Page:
From Uniforms to Monitors : Persuasive design and targeting in international law
Summary, in English
US counterinsurgency, thanks to geographically unbounded reach of drones, is characterized by extending wartime violence from battlefield to the monitor. In this article, we claim that the significance of the ‘new technologies’ of looking and targeting lies in their capacity to negotiate laws of war into the material world, thus determining the legitimacy of their expansive violence. Such negotiations operate through a series of visual and design practices that produce and maintain a space of persuasion. Combining legal studies with design studies we examine the military uniform as law’s original visual marker mediating these spaces of persuasion between the parties involved. Once abandoned in insurgencies, other technologies of looking, drones in particular, emerge to provide the persuasiveness otherwise was provided by military uniform. Consequently, we conclude that the critical function of drone beyond its technological complexity is in its ability to maintain the continuity of this persuasive space of violence.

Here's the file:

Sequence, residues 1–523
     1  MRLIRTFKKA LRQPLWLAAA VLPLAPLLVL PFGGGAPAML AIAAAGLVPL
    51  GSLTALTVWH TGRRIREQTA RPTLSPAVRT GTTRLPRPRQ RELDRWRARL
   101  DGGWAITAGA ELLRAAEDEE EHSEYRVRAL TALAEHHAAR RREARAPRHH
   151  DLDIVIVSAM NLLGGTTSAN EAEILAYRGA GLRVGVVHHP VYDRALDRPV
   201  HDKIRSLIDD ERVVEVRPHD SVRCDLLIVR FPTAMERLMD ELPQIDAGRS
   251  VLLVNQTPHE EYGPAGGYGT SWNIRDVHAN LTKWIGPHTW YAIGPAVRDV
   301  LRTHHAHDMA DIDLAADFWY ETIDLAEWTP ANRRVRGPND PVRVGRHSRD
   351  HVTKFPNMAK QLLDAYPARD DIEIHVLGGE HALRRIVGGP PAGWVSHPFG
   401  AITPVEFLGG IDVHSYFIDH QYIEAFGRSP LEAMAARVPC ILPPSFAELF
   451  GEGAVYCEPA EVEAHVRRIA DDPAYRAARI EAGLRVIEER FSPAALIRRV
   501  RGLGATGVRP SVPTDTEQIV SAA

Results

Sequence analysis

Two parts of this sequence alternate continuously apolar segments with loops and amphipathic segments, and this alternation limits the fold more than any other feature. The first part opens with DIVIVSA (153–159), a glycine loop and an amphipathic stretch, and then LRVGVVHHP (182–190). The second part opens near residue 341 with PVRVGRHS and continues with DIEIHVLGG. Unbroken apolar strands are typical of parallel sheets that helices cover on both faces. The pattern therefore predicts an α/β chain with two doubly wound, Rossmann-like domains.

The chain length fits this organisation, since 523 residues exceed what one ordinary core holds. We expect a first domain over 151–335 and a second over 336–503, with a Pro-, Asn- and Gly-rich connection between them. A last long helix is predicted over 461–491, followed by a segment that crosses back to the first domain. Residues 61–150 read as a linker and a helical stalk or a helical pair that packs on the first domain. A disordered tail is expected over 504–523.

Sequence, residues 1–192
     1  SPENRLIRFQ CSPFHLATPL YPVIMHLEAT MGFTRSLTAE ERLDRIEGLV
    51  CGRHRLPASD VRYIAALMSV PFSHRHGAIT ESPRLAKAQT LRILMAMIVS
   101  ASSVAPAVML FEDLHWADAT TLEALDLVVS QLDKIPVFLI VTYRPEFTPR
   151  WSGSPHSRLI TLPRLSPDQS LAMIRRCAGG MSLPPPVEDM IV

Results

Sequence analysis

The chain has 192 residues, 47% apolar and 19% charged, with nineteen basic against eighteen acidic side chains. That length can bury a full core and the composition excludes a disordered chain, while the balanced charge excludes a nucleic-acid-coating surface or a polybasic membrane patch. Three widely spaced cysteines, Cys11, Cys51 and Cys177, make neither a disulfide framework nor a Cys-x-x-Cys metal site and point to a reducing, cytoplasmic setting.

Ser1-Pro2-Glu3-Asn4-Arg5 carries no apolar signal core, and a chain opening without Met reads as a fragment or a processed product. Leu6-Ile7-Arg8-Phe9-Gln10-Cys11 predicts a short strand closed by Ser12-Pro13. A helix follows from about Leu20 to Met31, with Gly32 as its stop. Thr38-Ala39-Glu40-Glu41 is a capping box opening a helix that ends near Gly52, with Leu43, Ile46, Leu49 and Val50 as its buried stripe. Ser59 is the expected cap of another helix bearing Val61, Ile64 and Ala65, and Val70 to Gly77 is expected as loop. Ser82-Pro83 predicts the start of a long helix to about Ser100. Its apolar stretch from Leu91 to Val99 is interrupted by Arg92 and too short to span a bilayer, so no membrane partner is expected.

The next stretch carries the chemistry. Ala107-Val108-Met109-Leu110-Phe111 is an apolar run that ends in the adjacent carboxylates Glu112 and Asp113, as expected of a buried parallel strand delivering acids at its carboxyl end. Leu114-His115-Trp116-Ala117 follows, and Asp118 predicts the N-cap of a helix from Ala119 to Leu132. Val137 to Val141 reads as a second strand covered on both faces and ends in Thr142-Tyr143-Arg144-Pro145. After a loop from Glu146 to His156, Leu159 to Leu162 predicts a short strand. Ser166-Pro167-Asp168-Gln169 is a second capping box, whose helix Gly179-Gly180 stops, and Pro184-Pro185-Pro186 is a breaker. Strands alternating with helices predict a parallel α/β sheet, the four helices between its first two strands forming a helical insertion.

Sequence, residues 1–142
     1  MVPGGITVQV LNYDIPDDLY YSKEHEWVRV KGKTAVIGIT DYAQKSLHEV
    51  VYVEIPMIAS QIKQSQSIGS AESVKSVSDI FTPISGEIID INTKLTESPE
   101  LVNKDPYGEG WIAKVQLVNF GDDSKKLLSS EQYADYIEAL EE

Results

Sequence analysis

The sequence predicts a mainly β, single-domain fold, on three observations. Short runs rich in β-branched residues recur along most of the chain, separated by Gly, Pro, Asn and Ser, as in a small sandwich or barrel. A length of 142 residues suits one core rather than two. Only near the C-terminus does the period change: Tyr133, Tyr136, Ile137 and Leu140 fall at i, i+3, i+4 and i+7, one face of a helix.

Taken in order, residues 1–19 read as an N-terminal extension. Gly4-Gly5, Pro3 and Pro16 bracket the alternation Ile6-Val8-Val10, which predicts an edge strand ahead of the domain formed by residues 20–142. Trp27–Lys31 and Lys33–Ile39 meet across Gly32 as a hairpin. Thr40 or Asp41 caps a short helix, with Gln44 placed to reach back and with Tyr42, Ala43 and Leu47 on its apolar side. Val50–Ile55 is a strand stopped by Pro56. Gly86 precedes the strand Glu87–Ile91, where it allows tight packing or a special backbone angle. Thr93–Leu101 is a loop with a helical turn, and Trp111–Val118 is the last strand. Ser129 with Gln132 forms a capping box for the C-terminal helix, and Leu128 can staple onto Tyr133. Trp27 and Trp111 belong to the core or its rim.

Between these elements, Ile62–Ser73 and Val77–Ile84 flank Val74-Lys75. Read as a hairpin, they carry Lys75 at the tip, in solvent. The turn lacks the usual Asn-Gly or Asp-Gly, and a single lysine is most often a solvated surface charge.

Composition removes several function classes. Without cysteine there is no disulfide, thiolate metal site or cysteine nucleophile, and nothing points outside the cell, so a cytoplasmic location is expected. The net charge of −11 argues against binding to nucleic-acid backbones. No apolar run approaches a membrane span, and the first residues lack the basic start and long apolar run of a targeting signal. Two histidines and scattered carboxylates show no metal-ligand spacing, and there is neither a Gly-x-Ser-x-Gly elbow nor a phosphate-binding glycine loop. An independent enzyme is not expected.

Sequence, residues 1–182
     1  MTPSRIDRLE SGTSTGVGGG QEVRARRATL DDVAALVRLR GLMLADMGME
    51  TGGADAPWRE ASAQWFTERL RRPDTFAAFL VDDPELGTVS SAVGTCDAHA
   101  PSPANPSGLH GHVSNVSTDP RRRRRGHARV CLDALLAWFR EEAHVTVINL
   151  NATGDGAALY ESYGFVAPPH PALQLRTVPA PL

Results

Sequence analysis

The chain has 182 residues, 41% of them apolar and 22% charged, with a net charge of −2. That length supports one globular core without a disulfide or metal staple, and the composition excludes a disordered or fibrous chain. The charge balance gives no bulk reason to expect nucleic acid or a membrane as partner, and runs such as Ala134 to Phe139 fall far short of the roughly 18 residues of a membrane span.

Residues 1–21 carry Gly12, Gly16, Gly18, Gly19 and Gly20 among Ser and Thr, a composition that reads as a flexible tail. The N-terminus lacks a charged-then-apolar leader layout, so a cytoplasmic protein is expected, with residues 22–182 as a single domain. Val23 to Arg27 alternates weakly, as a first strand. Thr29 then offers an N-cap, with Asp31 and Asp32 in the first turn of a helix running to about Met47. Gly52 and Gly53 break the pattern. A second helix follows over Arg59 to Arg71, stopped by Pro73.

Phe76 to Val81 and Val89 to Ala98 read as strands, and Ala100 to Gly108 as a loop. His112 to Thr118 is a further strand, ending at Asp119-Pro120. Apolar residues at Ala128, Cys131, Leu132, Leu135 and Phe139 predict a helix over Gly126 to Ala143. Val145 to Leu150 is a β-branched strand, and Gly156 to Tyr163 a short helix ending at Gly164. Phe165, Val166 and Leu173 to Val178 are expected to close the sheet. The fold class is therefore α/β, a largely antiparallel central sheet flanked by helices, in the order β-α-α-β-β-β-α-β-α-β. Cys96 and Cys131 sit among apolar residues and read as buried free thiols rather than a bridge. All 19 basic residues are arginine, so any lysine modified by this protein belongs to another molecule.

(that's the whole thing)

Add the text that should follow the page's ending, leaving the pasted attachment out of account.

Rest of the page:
- Department of Sociology of Law
Conference paper: abstract
- Law and Society
Law and Society association
2018-06-07 - 2018-06-10